Talking to Students About Ferguson

Posted by Mary Hendra on November 25, 2014

As a teacher, you carefully prepare for your students, plan your lessons, develop curriculum that will meet expectations of administrators, engage students, and build critical skills for academic success. And then, there are the news items – local or global – that capture students’ hearts and minds, and change the possibilities or environment of the classroom.

Michael Brown. An unarmed black teenager shot and killed by a police officer.

How are you creating a safe and reflective classroom to help students understand this event in a thoughtful and historically-appropriate way?

Steve Becton, Associate Program Director for Urban Education at Facing History and Ourselves, shares these thoughts to help unpack the tragic death of Michael Brown and the community response, and to share tools to bring these difficult conversations into the classroom.

My first concern would be the emotional well-being of all my students and the fragility of civility right now.

If I were in a classroom teaching right now, my goals would be the following:

  1. Give students a safe outlet for expressing their thoughts without arguing about the incident.
  2. Have students imagine the best possible outcome.
  3. Avoid further perpetuation of the fear and hatred of law enforcement that these incidents encourage.
  4. Help students to consider the tools for civil protest that are in the tradition of Dr. Martin Luther King, Jr. and in the spirit of brotherhood.
  5. Help students to examine the role that race, class, privilege, and stereotyping plays not just in this incident, but in our society.
  6. Bring historical context to the conversation.

How do you do that?

The first step is contracting for civil dialogue. Then I would go into a very effective reflective writing, active listening, and civil dialogue protocol that we call "Learn to Listen/Listen to Learn.” This protocol calls for journaling, listening to others’ perspectives, and civil dialogue rather than debate. Here are some questions that I would explore depending on the age and maturity of the students:

  • What are your greatest frustrations regarding the Brown incident? How does it impact you as a person?
  • What role is stereotyping playing in this story (both of Brown and Officer Darren Wilson)?
  • Why is Brown’s race and Wilson’s race such a huge factor here? Why does race matter so much?
  • What is a responsible response to the shooting? What kind of protest might make a difference?
  • How do we resist blame or hatred of all police officers? What are the consequences of blaming all of law enforcement?
  • Do you agree that the best outcome of this event should lead us closer to being a more just and civil society? What does a just and civil society look like?

It is also important to define and explore the following terms. This could be started by students creating a working definition: stereotype, prejudice, justice, repair, reconciliation, civility, fairness, and community.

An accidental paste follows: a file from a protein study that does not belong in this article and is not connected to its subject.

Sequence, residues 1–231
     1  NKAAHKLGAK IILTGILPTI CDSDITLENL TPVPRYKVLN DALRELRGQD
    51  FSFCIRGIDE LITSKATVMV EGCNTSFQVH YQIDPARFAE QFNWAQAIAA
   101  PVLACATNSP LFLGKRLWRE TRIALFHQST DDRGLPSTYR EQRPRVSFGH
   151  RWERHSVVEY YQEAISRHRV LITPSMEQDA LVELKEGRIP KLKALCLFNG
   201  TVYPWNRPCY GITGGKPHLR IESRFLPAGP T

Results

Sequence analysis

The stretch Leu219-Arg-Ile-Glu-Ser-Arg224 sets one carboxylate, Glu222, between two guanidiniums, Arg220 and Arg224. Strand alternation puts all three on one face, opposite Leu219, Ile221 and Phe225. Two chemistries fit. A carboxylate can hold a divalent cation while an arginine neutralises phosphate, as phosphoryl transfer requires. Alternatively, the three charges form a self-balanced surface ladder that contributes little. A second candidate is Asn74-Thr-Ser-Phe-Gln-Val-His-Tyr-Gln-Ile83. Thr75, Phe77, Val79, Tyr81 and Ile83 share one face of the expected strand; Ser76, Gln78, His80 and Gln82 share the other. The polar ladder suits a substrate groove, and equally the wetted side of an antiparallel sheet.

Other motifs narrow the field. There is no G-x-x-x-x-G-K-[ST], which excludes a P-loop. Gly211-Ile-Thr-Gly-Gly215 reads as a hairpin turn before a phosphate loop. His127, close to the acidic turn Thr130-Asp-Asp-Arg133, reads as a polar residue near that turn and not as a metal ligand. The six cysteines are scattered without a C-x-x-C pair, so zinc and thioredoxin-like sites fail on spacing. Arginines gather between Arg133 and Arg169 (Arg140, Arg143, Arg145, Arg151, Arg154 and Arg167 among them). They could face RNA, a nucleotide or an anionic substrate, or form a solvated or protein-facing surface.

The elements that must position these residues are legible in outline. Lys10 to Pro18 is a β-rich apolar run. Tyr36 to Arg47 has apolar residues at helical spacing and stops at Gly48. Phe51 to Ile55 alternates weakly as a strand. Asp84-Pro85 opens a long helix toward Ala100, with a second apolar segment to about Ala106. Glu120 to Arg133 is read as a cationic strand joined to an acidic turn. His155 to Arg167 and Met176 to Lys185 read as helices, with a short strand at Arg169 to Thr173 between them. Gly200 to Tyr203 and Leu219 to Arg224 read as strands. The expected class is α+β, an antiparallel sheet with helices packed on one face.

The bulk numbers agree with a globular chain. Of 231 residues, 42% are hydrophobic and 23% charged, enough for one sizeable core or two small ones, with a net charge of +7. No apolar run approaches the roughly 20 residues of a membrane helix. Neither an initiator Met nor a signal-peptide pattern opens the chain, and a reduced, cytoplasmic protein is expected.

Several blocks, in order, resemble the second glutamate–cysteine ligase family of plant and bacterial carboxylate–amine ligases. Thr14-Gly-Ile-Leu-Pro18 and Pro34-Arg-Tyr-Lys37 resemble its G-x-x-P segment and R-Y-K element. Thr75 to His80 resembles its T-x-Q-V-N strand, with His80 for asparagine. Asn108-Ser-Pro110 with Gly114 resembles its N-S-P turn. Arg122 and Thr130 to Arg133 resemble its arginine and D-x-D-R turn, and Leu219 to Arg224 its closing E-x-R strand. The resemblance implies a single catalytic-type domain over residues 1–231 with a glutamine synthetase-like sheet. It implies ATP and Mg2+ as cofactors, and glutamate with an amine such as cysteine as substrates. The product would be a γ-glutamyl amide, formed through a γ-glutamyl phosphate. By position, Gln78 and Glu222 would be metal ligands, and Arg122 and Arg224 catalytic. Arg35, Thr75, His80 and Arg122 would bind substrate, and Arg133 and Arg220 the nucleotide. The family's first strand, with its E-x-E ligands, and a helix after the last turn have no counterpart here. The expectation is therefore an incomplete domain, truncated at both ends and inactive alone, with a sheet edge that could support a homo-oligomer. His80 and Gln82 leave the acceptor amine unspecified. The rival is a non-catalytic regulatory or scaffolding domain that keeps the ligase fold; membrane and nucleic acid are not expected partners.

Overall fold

In what ways could historical context be brought to this conversation?

It is important with any historical events considered to avoid facile comparisons; the goal is to deepen our understanding of the historical context and the nuance of each unique case. We want to point out what feels the same and what is clearly different. Students need to understand the long history of “race” in this country and the lingering legacies of prejudicial laws, beliefs, and practices. There is compelling evidence that we have progressed in our race relations since the 1950s. There is equally compelling evidence that we have a long way to go. It is important to take the time to explore and understand “race” today in the context of this history.

twilghtcover1In Los Angeles, we don’t have to go far to consider historical cases of racial violence. Facing History’ study guide to Twilight: Los Angeles brings multiple lenses to the history of the Los Angeles riots of 1992. Each of the readings considers the roots of racial tension in our city, and the moments when that tension erupted in violence. After reading about this historical context, students could be asked:

  • What is similar and different about the historical event and incidents today?
  • Despite the similarities, what real evidence do we have that the situation has changed?
  • What has changed over time in the community response to violence? How do individuals now find and express voice?
  • Though tragic, such incidents raise awareness and create an impetus for dialogue which could make our race relations better if handled correctly. What would make this possible?

This post was originally published on the Learn + Teach + Share blog for Facing History's Southern California community.

Topics: Classrooms, Facing History Resources, Safe Schools, Teaching, News, Identity, Race and Membership, Teachers, Civil Rights

At Facing History and Ourselves, we value conversation—in classrooms, in our professional development for educators, and online. When you comment on Facing Today, you're engaging with our worldwide community of learners, so please take care that your contributions are constructive, civil, and advance the conversation.


Welcome to Facing Today, a Facing History blog. Facing History and Ourselves combats racism and antisemitism by using history to teach tolerance in classrooms around the globe.

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